An iron lung is a simple contraption, no more complicated than a washing machine. The main problem is ensuring that the electricity which keeps the pump running never goes off. In 1957, a storm knocked the power out and her family and rescue workers had to pump by hand. It happened again in 1974. Eventually, in 1995, the Tennessee Valley Authority donated a generator which was supposed to kick in automatically if the power failed.

Her parents never thought of institutionalising her. She was their daughter. No one ever mentioned euthanasia. They fed her and cleaned her and monitored the throbbing machine. Over a two-way radio Dianne attended the local high school and even tried to attend Freed-Hardeman University. She never finished, but it gave her an honorary doctorate in psychology anyway. She wrote a children’s novel which sold 100,000 copies and tutored children and campaigned over the phone for politicians she supported.

She had a sunny disposition which her disability and constant pain could not crush. “Don’t you ever ask, why me?” people would say. And Dianne would answer in her deep Southern drawl, “Why not me? Who am I?” Celebrities came to be photographed with her and to glimpse something of the grandeur of the human spirit. Tennessee’s favourite son, the inventor of the internet and former Vice-President, Al Gore, gave her a kiss.

One of her cherished sayings was “no man is poor who has friends”. “If that’s true,” she used to say, “then I must be the richest woman alive, and bells are ringing all over West Tennessee, for there are many angels among us. When you have faith, family and friends, you have more than enough to get you through any rough times in your life.”

She needed those friends. Her family was not wealthy and her parents’ health was bad in recent years. Medicare refused to foot the bill for her care because Dianne couldn’t tick the boxes next to skilled nursing care, physical therapy, speech therapy or occupational therapy. So the American can-do spirit took over and friends, admirers and the local church organised fund-raisers to support her.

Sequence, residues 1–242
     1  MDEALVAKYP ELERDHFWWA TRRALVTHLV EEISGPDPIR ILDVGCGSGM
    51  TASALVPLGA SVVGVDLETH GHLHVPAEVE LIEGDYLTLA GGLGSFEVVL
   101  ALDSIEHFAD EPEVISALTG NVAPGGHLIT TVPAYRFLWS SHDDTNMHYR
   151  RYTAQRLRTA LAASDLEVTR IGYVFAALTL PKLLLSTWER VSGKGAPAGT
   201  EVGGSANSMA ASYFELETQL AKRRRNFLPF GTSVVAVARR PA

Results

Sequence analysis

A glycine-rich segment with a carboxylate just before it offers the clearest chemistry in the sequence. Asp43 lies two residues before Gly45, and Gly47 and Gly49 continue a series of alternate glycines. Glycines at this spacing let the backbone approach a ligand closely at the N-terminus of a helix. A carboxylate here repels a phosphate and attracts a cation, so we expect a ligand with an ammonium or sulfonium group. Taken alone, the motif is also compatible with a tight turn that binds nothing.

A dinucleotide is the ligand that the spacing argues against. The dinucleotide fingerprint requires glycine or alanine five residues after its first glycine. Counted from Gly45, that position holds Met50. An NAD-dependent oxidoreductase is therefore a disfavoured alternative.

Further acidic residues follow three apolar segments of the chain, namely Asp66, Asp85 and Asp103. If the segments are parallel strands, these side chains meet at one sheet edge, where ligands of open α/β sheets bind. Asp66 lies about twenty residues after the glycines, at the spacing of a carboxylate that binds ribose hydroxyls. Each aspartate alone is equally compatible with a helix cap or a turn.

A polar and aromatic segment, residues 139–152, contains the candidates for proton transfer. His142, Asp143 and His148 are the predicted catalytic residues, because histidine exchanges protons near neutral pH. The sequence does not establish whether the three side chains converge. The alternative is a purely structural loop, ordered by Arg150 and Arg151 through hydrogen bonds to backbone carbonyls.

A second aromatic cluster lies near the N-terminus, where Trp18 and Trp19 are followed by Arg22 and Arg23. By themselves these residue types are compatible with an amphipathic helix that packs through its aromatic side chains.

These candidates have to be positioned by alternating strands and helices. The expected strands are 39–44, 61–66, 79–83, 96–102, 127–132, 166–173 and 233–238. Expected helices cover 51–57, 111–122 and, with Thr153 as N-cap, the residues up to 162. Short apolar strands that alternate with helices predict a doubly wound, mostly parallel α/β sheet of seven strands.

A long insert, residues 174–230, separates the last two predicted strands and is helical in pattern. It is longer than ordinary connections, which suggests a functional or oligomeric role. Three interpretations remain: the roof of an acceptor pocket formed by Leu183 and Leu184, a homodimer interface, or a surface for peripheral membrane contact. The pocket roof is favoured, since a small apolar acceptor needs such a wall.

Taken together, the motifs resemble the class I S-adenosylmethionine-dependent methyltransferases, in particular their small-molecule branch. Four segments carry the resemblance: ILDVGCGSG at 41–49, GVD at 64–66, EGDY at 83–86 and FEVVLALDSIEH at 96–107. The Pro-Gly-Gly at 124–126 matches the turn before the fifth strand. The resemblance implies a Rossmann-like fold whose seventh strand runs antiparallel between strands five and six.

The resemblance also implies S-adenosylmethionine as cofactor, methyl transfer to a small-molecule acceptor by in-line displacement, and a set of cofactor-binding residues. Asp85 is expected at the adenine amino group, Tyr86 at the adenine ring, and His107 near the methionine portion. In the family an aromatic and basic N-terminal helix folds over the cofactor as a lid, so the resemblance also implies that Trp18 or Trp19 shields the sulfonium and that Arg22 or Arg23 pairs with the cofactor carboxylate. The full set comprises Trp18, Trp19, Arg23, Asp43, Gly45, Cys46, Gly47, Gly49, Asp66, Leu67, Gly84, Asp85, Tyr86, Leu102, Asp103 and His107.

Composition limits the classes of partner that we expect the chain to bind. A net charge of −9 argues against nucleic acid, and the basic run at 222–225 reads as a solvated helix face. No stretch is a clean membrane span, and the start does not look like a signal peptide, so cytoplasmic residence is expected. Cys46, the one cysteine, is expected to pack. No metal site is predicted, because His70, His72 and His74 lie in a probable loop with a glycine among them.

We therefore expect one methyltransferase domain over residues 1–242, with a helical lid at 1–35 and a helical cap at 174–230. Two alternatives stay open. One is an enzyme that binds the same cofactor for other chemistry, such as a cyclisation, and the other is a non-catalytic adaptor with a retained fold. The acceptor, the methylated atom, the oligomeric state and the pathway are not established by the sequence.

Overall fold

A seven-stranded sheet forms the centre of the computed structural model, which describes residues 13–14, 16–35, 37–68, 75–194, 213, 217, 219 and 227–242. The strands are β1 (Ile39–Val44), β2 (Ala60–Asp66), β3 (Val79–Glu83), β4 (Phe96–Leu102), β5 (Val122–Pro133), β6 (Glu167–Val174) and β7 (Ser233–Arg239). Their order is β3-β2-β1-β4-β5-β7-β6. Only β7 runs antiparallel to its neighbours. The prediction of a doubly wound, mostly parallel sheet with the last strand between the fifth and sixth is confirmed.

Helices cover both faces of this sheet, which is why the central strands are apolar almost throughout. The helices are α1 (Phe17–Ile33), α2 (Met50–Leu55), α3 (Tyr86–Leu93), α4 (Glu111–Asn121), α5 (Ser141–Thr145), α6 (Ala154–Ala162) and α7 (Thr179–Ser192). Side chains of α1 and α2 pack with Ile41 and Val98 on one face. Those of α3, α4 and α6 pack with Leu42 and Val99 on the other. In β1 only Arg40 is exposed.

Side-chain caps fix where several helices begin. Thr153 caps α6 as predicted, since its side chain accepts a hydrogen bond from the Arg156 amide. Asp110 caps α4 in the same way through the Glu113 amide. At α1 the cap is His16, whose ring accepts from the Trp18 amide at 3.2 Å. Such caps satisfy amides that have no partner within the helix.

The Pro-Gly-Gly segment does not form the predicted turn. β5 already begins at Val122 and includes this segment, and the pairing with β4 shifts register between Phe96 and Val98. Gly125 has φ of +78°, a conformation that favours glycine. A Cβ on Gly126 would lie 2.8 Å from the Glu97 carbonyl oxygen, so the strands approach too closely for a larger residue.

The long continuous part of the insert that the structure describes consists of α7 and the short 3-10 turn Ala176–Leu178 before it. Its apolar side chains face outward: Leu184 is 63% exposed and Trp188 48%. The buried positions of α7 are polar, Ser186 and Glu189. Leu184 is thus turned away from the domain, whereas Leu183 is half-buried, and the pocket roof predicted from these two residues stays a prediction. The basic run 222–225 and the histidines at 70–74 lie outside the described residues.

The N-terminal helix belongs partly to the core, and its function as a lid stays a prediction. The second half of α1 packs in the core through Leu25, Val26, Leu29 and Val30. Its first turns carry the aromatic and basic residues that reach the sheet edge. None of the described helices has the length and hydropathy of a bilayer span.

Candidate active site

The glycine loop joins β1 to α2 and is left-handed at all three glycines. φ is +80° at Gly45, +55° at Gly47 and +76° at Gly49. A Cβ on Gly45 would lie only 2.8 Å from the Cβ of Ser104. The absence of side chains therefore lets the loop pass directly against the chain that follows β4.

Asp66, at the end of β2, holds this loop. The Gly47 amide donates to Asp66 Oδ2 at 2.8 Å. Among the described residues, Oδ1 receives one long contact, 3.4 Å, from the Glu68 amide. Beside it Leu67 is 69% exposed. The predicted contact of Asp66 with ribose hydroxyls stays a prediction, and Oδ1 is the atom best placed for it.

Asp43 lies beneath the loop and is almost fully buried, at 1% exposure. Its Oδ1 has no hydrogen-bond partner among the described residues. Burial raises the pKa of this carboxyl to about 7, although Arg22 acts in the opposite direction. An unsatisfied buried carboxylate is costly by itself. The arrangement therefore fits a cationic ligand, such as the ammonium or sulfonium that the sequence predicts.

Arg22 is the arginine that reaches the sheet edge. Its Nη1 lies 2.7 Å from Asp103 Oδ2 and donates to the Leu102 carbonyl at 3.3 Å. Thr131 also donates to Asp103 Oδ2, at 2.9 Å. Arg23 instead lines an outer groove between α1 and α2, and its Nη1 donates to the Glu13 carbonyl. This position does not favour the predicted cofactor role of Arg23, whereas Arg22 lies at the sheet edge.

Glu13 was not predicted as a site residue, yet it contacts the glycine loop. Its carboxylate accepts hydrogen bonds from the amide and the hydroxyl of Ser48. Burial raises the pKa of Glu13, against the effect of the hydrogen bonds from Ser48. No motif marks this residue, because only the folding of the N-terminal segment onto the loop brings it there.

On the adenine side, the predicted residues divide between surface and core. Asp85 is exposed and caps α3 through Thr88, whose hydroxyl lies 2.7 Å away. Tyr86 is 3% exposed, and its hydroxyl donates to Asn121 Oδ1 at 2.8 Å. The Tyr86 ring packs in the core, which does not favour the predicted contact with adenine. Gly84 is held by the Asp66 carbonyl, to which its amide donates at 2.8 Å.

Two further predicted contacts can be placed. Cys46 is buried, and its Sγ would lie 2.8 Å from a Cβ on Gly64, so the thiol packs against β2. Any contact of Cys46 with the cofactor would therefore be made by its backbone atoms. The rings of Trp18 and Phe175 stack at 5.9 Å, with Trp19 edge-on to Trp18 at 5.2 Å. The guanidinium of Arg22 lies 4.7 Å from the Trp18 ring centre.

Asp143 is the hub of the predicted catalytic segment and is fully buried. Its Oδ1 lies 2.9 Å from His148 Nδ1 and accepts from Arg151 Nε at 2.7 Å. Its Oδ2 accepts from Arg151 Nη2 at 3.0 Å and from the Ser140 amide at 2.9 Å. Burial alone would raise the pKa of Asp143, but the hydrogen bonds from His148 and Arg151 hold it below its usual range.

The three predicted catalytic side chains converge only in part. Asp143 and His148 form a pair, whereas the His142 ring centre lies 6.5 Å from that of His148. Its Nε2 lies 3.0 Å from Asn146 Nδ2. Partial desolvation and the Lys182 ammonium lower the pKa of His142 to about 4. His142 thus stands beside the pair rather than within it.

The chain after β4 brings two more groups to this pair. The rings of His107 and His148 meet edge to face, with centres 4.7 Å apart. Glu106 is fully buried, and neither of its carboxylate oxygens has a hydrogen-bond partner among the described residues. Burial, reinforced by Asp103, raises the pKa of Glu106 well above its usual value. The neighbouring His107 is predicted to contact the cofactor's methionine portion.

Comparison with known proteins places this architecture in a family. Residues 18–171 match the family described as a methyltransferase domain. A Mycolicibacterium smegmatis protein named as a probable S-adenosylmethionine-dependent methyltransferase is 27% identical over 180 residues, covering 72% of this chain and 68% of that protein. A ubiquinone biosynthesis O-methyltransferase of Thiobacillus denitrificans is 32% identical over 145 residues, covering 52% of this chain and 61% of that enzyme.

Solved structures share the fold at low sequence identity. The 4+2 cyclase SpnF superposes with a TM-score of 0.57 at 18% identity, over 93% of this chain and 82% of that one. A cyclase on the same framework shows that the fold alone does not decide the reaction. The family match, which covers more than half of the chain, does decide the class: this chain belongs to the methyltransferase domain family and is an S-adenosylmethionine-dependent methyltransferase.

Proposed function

She was the last surviving American to use an iron lung. In the 50s, a positive pressure ventilator was developed which gave other patients more mobility. But Dianne’s spine was curved like a gigantic S and she couldn’t use it.

Year by year the number of iron lung users in the United States declined. Some switched to the newfangled technology; others died. Iron lungs were no longer a money-making proposition. One day Dianne received a letter from the owner. It read: “Due to the age of these products, effective no later than March 1, 2004, Respironics Colorado will no longer be able to procure service parts to support or repair these devices.” The company gave Dianne her device and somehow loving family and friends found the parts to keep it running. Her life depended on it.

On May 28, at 3am, a thunderstorm knocked out the power to her house. Then the emergency generator failed. Dianne Odell died as her father and brother-in-law took turns pumping the iron lung in which she had lived for 58 years.

One of the famous people in her life, actor David Keith, a fellow Tennesseean, summed up her life: “Dianne was a window through which you could see the way God intended the world to be.”

Michael Cook is editor of MercatorNet.

George Friedman is chief executive officer of Stratfor, the world’s leading online publisher of geopolitical intelligence. He is a widely recognized international affairs expert and author of numerous...